Opera review: Rinaldo at Glyndebourne Festival

The opera is a tale of magic and romance at the time of the Crusades but director Robert Carsen turns it into a fantasy of childhood set in a schoolroom, with the blackboard a doorway into a world of outlandish medieval imagination. There were some good bits, notably a wonderfully slinky evil witch commanding a team of furies from Hell who could have come straight from St Trinians, but I felt this did not justify the inherent disrespect to the original opera.

The second time I saw it a few years later, my opinion changed and I was surprised to enjoy it hugely. Nothing much had changed, but I felt the cast were heartily enjoying themselves and playing it more convincingly for laughs.

So this year’s production, revived by director Bruno Ravella, was for me a sort of best-of-three decider. And after a slow first act, which left me undecided, the whole thing seemed to take off as a great piece of operatic comedy.

I still saw some of the audience shaking their heads in despair at what had been done to Handel’s original, but I loved it.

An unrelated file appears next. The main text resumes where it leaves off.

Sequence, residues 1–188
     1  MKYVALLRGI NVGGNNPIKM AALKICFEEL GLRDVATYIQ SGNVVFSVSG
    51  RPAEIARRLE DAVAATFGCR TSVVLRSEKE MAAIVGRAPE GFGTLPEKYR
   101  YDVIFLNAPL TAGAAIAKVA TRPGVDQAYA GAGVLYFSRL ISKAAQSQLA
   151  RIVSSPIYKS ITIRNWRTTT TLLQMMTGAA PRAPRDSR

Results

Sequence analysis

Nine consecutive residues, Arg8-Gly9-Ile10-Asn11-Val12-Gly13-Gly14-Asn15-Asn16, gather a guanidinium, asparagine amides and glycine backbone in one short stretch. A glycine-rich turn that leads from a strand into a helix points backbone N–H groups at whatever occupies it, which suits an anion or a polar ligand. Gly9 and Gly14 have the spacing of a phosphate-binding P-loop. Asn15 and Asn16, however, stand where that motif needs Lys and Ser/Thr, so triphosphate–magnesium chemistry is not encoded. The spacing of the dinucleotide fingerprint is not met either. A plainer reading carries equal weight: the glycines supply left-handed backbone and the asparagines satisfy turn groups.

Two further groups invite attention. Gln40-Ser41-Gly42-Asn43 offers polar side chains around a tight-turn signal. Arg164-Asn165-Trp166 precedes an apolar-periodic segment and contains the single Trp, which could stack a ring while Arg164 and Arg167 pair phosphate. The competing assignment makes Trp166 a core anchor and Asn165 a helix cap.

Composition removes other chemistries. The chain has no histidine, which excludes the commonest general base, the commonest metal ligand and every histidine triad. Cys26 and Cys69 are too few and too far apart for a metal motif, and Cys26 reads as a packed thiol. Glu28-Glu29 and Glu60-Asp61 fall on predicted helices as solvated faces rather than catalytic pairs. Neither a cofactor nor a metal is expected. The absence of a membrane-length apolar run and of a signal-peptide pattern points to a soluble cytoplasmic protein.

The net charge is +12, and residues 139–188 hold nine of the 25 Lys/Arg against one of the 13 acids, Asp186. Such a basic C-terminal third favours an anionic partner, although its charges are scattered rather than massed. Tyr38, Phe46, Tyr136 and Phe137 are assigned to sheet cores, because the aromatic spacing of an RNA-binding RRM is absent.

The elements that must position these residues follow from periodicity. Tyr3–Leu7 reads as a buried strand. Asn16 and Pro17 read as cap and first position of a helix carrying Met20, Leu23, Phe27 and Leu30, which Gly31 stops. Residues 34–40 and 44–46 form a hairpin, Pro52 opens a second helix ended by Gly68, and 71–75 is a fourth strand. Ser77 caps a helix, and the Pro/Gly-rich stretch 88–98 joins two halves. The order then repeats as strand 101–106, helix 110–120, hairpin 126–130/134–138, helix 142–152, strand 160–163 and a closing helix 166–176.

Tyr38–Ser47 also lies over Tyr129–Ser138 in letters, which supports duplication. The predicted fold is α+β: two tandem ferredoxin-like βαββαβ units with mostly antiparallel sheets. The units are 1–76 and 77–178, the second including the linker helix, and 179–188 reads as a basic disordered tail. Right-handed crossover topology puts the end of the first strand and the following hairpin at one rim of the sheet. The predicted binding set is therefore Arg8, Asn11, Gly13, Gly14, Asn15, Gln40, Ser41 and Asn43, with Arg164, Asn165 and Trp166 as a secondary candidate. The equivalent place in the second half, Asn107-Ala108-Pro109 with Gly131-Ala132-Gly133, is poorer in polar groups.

Handel’s music, beautifully played by the Orchestra of the Age of Enlightenment conducted by the young Russian Maxim Emelyanychev, is glorious to listen to and a number of ridiculous set pieces are splendidly played by a very talented cast.

A boys-against-girls football match, which utilised the similarity between the names Rinaldo and Renaldo, was predictable enough, but the sight of schoolboy Crusaders on bicycles was more astounding, particularly when it allowed a delicious Spielberg tribute as we saw the hero cycling through the air in ET style.

Polish countertenor Jakub Jozef Orlinski gave an excellent performance in the title role, which he took at short notice when the original singer had to drop out, but the real star of the opera was Russian soprano Kristina Mkhitaryan who sang beautifully and really looked the part as the wicked Armida.

First setting out to destroy Rinaldo, then falling in love with his heroism, Armida’s character is ludicrously unconvincing if the plot is to be taken seriously, but Carsen’s production is so outrageous anyway, that it all adds to the humour, particularly when played with such Cruella de Vil villainy as Mkhitaryan does.

Tickets: glyndebourne.com or 01273 815000 (last performance August 25)

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